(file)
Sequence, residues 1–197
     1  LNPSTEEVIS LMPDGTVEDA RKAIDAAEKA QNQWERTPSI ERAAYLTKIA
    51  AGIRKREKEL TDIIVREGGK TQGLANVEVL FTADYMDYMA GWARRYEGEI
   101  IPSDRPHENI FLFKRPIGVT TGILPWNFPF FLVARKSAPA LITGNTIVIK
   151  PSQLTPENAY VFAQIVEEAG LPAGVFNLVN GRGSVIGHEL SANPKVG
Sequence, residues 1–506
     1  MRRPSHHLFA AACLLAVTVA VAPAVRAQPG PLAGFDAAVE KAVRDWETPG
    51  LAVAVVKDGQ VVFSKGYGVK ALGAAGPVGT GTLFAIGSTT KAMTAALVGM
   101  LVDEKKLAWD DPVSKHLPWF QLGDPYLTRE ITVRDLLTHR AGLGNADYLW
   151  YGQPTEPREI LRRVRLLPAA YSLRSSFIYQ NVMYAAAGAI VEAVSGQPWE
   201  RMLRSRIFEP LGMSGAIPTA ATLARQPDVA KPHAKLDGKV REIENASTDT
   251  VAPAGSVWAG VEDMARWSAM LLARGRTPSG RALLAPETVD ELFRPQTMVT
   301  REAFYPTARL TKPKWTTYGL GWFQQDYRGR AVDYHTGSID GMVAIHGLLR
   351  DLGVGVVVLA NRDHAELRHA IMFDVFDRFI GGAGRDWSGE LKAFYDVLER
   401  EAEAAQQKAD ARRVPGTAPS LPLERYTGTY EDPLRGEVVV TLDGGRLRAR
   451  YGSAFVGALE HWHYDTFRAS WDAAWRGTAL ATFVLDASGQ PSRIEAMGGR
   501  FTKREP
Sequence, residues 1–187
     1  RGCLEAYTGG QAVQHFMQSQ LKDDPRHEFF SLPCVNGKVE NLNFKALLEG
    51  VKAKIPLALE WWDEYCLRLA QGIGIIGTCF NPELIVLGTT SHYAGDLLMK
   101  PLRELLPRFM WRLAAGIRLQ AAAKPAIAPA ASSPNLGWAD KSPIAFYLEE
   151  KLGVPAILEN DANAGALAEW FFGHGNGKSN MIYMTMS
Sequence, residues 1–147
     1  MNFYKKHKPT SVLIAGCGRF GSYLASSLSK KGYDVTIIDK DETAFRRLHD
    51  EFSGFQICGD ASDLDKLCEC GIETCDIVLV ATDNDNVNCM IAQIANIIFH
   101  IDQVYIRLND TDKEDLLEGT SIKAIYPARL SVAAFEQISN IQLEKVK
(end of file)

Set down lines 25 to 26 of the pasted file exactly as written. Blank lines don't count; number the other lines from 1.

    51  EFSGFQICGD ASDLDKLCEC GIETCDIVLV ATDNDNVNCM IAQIANIIFH
   101  IDQVYIRLND TDKEDLLEGT SIKAIYPARL SVAAFEQISN IQLEKVK